There are many different kinds of eggplant in the market. They differ in terms of their name, variety, shape, color and forms.
According to Wikipedia, eggplant is probably the most common name and it’s used in the United States, Australia, New Zealand, and Canada.
In British English, it’s called Aubergine.
In India and South Africa, it’s called Brinjal.
In Malaysia, it’s called terung in the official Malay language.
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Types of Eggplant
There are different types of eggplant: Chinese, Japanese, Korean, Thai, Indian, Italian, American, white eggplant, etc.
Each variety is unique in its own sense and they all look similar in the appearance, with the exception of Thai eggplant, which is round in shape like a small ping pong ball.
Regardless of its varieties and different names, eggplant is a healthy ingredient that I have come to love a lot.
How to Make Sambal Eggplant?
In Malaysian recipes, sambal is the main spice paste. We use it to cook a variety of dishes such as and Sambal Asparagus.
I used Indian eggplants, they are small and shaped like grapes. I stir fried with sambal and dried shrimp.
You can also use fresh shrimp, or a combination of both fresh and dried shrimp for the best results.
For the variety of eggplant, you can use what is available in your market.
Do not overcook the eggplant. The texture should be tender and soft, but not mushy.
For the complete recipe and step by step, please refer to the recipe card below.
How Many Calories per Serving?
This recipe is only 301 calories per serving.
What to Serve with This Recipe?
Serve this dish with steamed rice. For a healthy meal and easy weeknight dinner, I recommend the following recipes.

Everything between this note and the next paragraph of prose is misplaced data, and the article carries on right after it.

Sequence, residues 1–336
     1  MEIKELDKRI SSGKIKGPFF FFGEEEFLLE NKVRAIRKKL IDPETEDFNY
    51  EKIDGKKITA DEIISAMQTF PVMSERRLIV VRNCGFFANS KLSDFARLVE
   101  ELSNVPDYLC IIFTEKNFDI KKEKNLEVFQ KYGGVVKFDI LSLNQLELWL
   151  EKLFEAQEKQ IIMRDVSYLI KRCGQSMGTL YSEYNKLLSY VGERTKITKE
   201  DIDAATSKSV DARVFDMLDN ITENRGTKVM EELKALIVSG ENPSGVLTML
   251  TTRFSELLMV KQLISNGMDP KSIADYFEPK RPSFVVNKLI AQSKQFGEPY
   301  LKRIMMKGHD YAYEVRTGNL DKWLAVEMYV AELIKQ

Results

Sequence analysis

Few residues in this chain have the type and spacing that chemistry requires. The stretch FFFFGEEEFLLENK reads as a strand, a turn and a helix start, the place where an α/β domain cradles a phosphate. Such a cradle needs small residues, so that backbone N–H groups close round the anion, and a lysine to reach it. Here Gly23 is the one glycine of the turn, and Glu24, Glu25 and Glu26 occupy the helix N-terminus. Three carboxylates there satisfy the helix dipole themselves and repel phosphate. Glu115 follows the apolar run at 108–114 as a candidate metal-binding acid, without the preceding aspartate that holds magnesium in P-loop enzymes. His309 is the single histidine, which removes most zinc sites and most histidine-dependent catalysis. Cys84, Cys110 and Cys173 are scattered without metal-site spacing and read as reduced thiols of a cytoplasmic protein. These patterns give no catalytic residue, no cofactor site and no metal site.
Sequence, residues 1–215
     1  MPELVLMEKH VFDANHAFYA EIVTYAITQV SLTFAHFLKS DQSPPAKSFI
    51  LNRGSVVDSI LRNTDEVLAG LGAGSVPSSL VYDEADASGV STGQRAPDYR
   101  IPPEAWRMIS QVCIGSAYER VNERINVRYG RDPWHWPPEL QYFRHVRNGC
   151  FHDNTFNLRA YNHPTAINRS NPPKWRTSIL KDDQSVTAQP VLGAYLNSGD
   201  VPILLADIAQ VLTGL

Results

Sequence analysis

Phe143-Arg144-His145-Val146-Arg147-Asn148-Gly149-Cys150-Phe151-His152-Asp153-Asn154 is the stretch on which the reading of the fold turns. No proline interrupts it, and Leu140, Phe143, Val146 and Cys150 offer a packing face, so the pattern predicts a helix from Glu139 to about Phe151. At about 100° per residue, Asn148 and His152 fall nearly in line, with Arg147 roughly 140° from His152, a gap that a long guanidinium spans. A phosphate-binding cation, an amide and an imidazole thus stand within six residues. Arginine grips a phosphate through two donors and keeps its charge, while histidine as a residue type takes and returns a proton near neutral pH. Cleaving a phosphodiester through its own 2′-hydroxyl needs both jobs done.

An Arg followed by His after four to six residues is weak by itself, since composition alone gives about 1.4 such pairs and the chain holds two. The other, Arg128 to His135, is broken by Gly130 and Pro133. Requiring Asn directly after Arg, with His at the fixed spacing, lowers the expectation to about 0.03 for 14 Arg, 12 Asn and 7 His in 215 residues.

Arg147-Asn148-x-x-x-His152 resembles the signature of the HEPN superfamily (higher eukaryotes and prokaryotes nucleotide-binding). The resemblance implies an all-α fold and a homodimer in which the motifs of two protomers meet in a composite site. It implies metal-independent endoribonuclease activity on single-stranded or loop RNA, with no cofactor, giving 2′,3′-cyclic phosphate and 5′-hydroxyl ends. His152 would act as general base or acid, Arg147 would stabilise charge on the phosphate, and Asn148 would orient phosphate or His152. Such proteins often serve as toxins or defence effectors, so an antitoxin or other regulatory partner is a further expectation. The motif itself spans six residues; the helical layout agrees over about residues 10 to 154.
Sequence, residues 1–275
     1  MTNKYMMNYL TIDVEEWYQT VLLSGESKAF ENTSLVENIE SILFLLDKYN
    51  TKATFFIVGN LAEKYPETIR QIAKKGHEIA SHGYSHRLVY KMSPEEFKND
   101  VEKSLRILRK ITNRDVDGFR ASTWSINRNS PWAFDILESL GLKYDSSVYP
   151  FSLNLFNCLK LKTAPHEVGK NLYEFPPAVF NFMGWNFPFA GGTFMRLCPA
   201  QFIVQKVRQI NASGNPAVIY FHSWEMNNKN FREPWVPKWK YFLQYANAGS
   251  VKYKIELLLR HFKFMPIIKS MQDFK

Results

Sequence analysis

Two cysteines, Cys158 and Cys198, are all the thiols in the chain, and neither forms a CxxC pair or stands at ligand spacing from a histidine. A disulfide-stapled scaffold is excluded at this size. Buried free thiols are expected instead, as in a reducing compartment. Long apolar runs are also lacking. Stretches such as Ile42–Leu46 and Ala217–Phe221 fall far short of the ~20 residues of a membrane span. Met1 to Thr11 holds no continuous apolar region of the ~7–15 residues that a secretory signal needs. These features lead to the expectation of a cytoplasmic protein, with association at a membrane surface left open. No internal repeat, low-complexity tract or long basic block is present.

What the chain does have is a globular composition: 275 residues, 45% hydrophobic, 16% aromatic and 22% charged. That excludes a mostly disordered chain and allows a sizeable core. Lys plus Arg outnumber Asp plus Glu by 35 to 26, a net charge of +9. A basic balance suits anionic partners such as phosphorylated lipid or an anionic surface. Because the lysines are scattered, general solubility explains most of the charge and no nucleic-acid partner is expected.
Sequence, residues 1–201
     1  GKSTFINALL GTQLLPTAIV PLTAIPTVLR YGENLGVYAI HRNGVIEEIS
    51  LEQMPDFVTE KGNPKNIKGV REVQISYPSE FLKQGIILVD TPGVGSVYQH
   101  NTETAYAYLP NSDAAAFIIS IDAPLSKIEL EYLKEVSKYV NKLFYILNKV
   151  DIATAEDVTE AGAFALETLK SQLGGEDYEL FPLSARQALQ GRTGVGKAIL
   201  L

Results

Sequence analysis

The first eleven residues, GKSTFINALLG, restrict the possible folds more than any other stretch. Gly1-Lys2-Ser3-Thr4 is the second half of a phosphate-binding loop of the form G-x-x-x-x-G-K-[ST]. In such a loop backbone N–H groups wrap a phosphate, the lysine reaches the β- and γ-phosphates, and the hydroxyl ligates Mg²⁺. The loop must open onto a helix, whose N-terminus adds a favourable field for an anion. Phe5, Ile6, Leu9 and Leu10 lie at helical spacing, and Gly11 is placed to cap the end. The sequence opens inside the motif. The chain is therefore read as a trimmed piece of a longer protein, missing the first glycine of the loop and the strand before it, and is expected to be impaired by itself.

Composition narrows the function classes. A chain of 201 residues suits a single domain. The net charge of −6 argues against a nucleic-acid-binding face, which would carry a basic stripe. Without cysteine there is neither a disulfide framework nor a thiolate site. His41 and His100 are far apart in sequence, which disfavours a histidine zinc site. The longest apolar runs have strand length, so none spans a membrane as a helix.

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- 2 tablespoons oil
- 1 1/2 tablespoons dried shrimp (soaked in warm water and drained)
- 1 1/2 - 2 tablespoons Sambal
- 6 oz. eggplant, cut into rounds
- 1/4 teaspoon sugar or to taste
- 3/4 teaspoon fish sauce or to taste
- 6 oz. fresh red chilies, seeded and cut into small pieces
- 1 tablespoon toasted belacan (Malaysian shrimp paste)
- 4 oz. shallots, peeled
- 1/4 teaspoon salt
- 2 1/2 teaspoons sugar
- 2 tablespoons cooking oil
- Use a mortar and pestle to pound all the Sambal ingredients, or use a mini food processor to blend well. Heat up a wok with oil. As soon as the oil is heated, transfer the Sambal paste into the wok and stir-fry continuously for a few minutes or until the oil separates from the Sambal. Dish out and set aside. You may store in the refrigerator for future use.
- On medium to high heat, heat up a wok or skillet with the cooking oil. Add the dried shrimp and stir continuously until you smell the aroma. Add the Sambal and quickly follow by the eggplant. Stir to combine well. DO NOT overcook the eggplant. Add sugar and fish sauce to taste. Dish out and serve immediately.
Notice: Nutrition is auto-calculated, using Spoonacular, for your convenience. Where relevant, we recommend using your own nutrition calculations.
Hi. Thanks for this delicious recipe!
Hi, Your recipe is incomplete. No mention of how to make the sambal eggplant.
Hi Anna, the recipe was deleted by mistake. It has been updated.
Hi how long to fry the eggplant as its quite hard and takes a long time to soften.
Egg plants cook quickly. It’s not hard at all on the inside.
FYI it’s called melanzana in Italy. The aubergine stems from the French, and has found its was to other countries. I know in Thai cooking they use pea eggplants – little tiny marble sized.
Nean, I can tell you those are not eggplants. They look like large peas and they are called Turkeyberries. The Thai eggplant is called a Kermit. It is round yes, but around the size of a golf ball. I grow them.
Question: How many grams of shallots approximately do you need to make the sambal? I’m asking because the shallots i get in europe (Banana shallots) are bigger than those in southeast asia, so 8 of those would probably be too much…
Use half then.
i am in Bangladesh. i love to cook Malaysian food , but how can i get shrimp paste. is there any way to get it or give me the recipe of dried shrimp or paste.
This is one of my favourite dishes well remembered from growing up in Indonesia. I had the big, fat aubergines and charred the skins on the gas burner before chopping them into chunks and following the rest of your recipe. So good! Even people who don’t usually like the vegetable devoured it. Thanks for reintroducing me to this old time favourite.